December 23, 2005

On Munich

Filed under:   by Cardinal Martini @ 6:08 pm

I have written several times about Steven Spielberg’s new movie, Munich, without having actually seen it. But my little man (which is a reference to the film featured in our current NAME THAT MOVIE! competition) told me that this Munich would be a shallow morality play equating Israel’s security agency with Palestinian terrorists. And I think my little man is right.

Captain Ed has actually seen Munich and writes thusly:

After giving the matter quite a bit of thought, I finally decided to see Munich at the theaters in order to make up my own mind about the film and the controversy that surrounds it. The film, which informs the audience that it was “Inspired By True Events”, takes the bare bones of the Munich massacre and the Israeli intelligence operation which followed against the Black September organization which plotted it and turns it into … well, an interesting if ultimately bankrupt morality play.

By equating the two sides, Spielberg and the world gave the perpetrators of terrorism the same moral standing as its victims, especially when the victims sought to ensure that their enemies could not live long enough to plan more such attacks. It’s like saying that the perpetrators of Lidice were certainly naughty, but the assassination of Reinhard Heydrich was just as bad. It’s absurd, and the absence of any mention of this fundamental, yawning chasm between the Israelis and the PLO/Black September terrorists provide the only true allegory that Munich provides — the defeatism in which Avner and his compatriots indulge (in the film) matches perfectly with the Left’s moral equivalency of Islamist terrorists and their unwillingness to fight against their ascendancy.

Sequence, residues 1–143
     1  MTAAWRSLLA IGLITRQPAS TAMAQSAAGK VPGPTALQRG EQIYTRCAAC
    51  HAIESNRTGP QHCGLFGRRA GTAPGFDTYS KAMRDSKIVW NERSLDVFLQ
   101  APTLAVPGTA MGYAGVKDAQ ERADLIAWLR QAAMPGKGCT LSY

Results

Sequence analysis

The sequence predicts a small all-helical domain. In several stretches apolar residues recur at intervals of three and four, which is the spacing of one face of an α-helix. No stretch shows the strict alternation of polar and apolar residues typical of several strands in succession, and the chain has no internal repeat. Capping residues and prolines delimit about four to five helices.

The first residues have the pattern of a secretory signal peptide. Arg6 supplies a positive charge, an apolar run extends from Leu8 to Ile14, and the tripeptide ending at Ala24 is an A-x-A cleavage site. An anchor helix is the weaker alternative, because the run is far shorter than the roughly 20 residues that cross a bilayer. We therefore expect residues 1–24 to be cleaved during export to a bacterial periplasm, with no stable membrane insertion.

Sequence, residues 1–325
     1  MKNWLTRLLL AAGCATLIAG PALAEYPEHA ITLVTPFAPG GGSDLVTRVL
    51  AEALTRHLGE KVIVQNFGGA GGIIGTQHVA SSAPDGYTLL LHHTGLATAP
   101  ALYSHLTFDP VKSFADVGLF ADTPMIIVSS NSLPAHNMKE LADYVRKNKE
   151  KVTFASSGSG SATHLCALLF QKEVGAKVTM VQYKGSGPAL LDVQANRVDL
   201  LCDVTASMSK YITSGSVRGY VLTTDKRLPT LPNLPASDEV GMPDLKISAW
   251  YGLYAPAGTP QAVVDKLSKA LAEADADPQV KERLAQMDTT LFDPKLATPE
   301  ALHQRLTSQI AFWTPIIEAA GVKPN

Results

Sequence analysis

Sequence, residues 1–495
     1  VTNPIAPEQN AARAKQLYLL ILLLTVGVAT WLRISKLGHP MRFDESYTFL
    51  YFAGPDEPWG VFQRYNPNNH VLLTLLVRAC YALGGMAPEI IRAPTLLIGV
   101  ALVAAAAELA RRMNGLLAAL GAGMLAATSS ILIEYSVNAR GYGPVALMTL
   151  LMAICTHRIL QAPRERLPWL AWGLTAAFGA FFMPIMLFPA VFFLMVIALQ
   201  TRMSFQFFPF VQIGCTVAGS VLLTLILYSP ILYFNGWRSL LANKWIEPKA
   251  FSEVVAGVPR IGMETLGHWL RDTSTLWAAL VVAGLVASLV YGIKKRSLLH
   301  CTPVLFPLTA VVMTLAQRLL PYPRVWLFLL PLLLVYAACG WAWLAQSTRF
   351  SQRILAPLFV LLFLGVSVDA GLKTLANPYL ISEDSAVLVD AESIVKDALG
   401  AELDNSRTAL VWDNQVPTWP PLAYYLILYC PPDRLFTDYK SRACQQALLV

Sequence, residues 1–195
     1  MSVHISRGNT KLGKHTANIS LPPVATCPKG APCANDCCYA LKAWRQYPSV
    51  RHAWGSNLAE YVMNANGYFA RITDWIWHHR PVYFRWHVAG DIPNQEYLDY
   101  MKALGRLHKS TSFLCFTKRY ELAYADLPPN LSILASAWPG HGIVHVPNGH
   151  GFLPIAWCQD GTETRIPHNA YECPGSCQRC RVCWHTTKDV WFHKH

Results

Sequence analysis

I needn’t tell you what a propaganda victory this is for the other side. The Jew Spielberg agrees that Mossad is evil!

UPDATE: In the Comments to this post, Phil wrote,

The point of Munich is that when you set out to kill for moral reasons, you often end up creating a moral reason for someone else to kill. Which in turn creates a moral reason for you to kill … etc, etc.

“Moral equivalency” to me, is nothing more than that; recognizing that everyone, in every conflict, thinks their moral reasons for killing make perfect sense, and the other side’s reasons are insane.

So terrorists are horrible, evil, people, and we’re noble defenders of all that is good, blah blah blah. That’s such an old song. Thinking your enemies are brutal killers isn’t morality — it’s simply animal instinct, that’s all.

Moral relativism is deciding that the only real place to stop the cycle is with ourselves. I know, it’s not nearly as satisfying as killing those who disagree with you. The opposite of moral relativism is deciding to kill everyone on the other side (gosh, where’ve we heard that lately). And that is satisfying, if you succeed. But that’s not morality, it’s animal brutality.

To which I, Cardinal Martini, in a show of both my infinite wisdom and unmatched intelligence, have responded,